UK To Scrap £5,000 Plug-In Car Grant?

4 years ago by Mark Kane 4

We can repair that but it will cost £5,000

We can repair that but it will cost £5,000

Daily Mail Online recently published an article titled “Ministers to scrap taxpayer-funded £5,000 grants to electric car buyers after experts find incentive did little to help the environment“.

From the article, we learn that the new policy will reduce subsidies in UK, before phasing them out entirely.

After about two years, the UK government spent £11 million (from £30 million available) on the subsidies, which equates to approximately 2,200 electric or plug-in hybrid car grants (£5,000).

The main thesis of the Daily Mail article is that the grants are only allowing rich families to buy a second car on the cheap and that the grant was introduced to fuel a consumer boom in emission-free cars but it “cannot be maintained indefinitely.”

“It comes after experts found the incentive was doing little to help the environment and instead allowing rich families to buy a second car on the cheap.”

Axing the subsidies for sure will impact short-term electric car sales:

“Research commissioned from the respected Transport Research Laboratory (TRL) suggests that axing the subsidy will come as a major blow to electric car manufacturers.”

“The grant is said to play an ‘important role’ in electric vehicle purchase’ in nine out of ten sales.”

But is this really true? According to “Driving the Future Today“, a strategy for ultra-low emission vehicles in the UK from 04 September, at least until 2015, nothing will change in regards to the plug-in grant scheme and the UK still will invest in electrification:

Annex: Full list of commitments

“Support to 2020 – call for evidence We will make provision for over £500 million from 2015 until 2020 to support the growing market for ultra low emission vehicles. We will launch a call for evidence later in 2013 to inform the development of this package of support, including consumer incentives. This will consider the balance of support between the following workstreams and plot the path to Government’s exit from subsidy.”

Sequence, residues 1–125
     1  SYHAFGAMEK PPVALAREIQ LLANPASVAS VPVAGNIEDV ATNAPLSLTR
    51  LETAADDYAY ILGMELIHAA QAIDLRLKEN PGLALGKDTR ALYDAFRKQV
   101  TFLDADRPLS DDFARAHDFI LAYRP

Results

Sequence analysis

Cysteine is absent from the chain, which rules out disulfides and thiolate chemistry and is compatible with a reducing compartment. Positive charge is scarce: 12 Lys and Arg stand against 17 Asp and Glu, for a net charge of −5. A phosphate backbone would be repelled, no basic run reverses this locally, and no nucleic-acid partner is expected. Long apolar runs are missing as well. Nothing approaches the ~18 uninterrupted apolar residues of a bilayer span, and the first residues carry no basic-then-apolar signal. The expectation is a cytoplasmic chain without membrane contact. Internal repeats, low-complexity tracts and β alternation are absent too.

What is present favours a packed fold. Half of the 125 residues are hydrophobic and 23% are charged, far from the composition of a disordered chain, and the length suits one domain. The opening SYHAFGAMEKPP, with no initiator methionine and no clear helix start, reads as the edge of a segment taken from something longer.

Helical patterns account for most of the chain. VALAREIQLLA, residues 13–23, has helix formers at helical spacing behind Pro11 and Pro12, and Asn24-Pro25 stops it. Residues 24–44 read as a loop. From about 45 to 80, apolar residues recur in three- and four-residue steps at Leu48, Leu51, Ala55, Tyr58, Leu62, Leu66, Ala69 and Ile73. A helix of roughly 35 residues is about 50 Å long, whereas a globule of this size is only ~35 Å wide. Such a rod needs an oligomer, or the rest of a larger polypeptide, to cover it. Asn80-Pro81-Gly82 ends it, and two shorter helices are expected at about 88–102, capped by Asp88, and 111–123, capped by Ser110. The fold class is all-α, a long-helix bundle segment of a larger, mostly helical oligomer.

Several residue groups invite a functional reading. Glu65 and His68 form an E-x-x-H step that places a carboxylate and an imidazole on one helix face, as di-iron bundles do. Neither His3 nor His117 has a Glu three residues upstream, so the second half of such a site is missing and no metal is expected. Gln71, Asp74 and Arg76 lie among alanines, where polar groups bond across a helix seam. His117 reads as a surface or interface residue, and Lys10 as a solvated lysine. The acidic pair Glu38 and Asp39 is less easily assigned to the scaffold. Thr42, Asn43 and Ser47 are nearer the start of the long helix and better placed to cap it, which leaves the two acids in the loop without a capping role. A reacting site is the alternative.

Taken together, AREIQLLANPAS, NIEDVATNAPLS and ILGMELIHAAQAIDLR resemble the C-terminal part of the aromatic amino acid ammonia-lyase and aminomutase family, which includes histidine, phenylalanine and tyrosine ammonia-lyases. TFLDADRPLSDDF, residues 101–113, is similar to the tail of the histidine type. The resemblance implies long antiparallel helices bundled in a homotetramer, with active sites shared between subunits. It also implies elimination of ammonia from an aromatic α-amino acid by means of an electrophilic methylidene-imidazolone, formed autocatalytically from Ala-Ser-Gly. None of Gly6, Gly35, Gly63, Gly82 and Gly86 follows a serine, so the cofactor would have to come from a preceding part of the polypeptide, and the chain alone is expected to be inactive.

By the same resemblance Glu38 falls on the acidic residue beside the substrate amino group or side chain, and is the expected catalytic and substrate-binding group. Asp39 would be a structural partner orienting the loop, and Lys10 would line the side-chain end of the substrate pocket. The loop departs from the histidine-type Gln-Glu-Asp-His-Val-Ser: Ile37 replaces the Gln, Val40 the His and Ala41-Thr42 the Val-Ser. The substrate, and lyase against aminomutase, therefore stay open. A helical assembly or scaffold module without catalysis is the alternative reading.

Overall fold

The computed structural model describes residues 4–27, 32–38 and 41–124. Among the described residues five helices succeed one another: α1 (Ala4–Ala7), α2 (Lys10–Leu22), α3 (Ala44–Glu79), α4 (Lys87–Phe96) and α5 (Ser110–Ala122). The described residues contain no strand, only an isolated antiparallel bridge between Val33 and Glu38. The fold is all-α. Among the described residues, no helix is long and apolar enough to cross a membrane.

Is this EV or ICE grin from Transport Minister Norman Baker?

Is this EV or ICE grin from Transport Minister Norman Baker?

Workstream 1 – Supporting the early market

a) “To provide certainty for investors and consumers the existing plug-in vehicle grants will remain unchanged to May 2015 and consumer incentives will remain in place beyond this date.”

Moreover, the new strategy seems to provide some initiatives for FCEVs.

Transport Minister Norman Baker MP, stated:

“These are exciting times for the motoring industry as ultra low emission vehicles are the future for road travel. Our vision is that by 2050 almost every car and van will be an ultra low emission vehicle with the UK at the forefront of their design, development and manufacture. This strategy moves us up a gear in pursuing that vision.”

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4 responses to "UK To Scrap £5,000 Plug-In Car Grant?"

  1. Spec says:

    The UK is flailing lately. Going from an oil exporter to an oil importer has not been kind to them.

  2. James says:

    Never trust anything you read on the Mail! That’s the message here.

  3. Just_chris says:

    I think a reduction in the grant might not actually be as tragic as people think. It is set to 5000 pounds or 25% of the value of the vehicle, which is fine if you want to buy a Tesla but not so helpful if you want a Twizy or a Zoe as you will never get the full grant. I think this is why the Leaf cost upwards of 23000 pounds in the UK ($36000 US) because dropping the price significantly would just erode the value of the grant.

    Personally I would rather see modified version of the cash for clunkers type scheme where if you handed in an old ICE vehicle you’d get 5k to buy any EV of any value or type including motor bikes. If you make it a prerequisite of the scheme that you have owned the ICE for a year before purchase you immediately benefit people who have cheap old cars who just need a way to get to work and you give the EV manufacturers a reason to drop their prices as low as possible.

  4. Chris O says:

    Even at a £5,000 discount there is still plenty left to pay for what are essentially city cars in many cases so duh, these cars often will end up second cars for those who can afford them but so what? No need for the populist outrage: these grants don’t exist to make expensive cars cheaper for the wealthy but to help expensive new technology on its way in the market in the expectation it will get cheaper and wide adoption over time. It’s about long term (environmental) benefits.